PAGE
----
Grand corruption in Russia is mainly associated with malpractice in federal budgetary allocations and in privatizing state-owned assets. Here, there is no direct bribe-giver and no bribe in the classical sense, but it is present in a more complex integrated format.

Tlisova: And what is “grand corruption” by Russian standards?

Panfilova: In 2010 there was a sea of facts on grand corruption. For example, blogger Alex Bulk wrote about the abuses of Transneft, one of Russia’s largest oil companies. There have been cases of corruption in the procurement of medical equipment, during registration of public contracts for the purchase of pharmaceuticals, and in construction. If you consult the official figures, the head of the Control Office of the President, speaking about the recent government procurements, estimated losses due to corruption are in the trillions of rubles. This is the most conservative estimate.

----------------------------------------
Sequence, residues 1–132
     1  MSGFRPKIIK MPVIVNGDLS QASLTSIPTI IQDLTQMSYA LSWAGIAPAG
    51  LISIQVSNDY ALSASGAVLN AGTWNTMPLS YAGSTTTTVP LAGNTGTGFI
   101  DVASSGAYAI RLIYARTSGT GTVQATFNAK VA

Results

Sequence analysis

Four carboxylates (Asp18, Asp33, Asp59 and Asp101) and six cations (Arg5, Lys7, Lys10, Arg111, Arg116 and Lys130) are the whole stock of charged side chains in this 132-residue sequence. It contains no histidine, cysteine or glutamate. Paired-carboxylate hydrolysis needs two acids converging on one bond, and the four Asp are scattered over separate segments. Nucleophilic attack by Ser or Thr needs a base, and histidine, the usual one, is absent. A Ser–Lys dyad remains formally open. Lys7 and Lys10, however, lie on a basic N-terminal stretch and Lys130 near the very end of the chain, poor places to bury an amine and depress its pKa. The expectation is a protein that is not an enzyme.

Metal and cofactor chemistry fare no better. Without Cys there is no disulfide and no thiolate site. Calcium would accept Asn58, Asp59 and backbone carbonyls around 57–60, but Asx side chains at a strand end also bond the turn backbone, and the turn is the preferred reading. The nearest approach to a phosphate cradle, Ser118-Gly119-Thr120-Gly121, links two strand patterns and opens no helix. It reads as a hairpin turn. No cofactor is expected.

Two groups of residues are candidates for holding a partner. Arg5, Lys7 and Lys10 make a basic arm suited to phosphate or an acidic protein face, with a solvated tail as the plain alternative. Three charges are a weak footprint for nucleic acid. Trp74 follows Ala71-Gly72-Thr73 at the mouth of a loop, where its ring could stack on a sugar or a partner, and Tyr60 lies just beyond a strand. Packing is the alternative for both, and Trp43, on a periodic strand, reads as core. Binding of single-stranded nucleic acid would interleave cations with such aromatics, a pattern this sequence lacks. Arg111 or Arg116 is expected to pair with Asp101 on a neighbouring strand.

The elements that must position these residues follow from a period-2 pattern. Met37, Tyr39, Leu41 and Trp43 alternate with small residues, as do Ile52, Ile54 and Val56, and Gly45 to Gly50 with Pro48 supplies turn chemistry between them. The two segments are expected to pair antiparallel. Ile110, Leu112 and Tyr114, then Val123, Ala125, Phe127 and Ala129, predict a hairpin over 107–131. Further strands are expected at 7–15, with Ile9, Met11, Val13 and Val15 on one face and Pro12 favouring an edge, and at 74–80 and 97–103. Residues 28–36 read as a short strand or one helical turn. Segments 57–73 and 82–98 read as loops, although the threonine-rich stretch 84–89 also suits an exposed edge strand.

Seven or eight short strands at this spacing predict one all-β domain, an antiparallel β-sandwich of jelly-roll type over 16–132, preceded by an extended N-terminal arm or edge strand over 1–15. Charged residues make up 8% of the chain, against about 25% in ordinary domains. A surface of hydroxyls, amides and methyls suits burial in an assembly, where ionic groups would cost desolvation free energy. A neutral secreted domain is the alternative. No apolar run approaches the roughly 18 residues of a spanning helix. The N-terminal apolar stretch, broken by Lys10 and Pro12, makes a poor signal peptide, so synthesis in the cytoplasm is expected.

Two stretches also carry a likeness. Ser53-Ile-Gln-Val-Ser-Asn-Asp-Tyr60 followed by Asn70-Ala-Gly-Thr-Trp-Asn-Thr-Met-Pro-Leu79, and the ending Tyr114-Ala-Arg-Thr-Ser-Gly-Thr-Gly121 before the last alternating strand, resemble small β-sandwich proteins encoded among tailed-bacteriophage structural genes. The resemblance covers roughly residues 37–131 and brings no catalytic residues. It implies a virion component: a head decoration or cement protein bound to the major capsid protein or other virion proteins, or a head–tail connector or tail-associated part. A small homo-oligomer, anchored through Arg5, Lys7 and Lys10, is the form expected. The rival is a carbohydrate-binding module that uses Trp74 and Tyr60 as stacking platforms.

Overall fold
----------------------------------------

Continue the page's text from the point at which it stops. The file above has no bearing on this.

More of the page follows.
The problem is that grand corruption cases are united not only by scale but also by the fact that we never see the perpetrators. They say to us: a trillion rubles lost on public procurement. But I would like to see the people who became rich off this trillion. In Russia, there are reasons that these names are not announced.

Tandem Rulers

Tlisova: How consistent is the position of the ruling tandem [President Dmitry Medvedev and Prime Minister Vladimir Putin] with respect to corruption?

Panfilova: I’m completely dissatisfied with the level of activity demonstrated by the prime minister to curb corruption. The president until recently showed more enthusiasm. I’m not even talking about how to eliminate corruption, but at least stopping those who take public assets as quickly as a plow picks up snow—I do not see it. I cannot talk about anyone’s personal involvement in the corruption process, but the fact is that there is clear collusion.

Tlisova: A letter to President Medvedev from St. Petersburg businessman Sergei Kolesnikov has been widely discussed in the press and by bloggers. Kolesnikov said that a villa built in Sochi is intended for Putin. This was built at a cost of more than a billion dollars, using state funds. Is this letter authentic? How do you assess the information contained therein?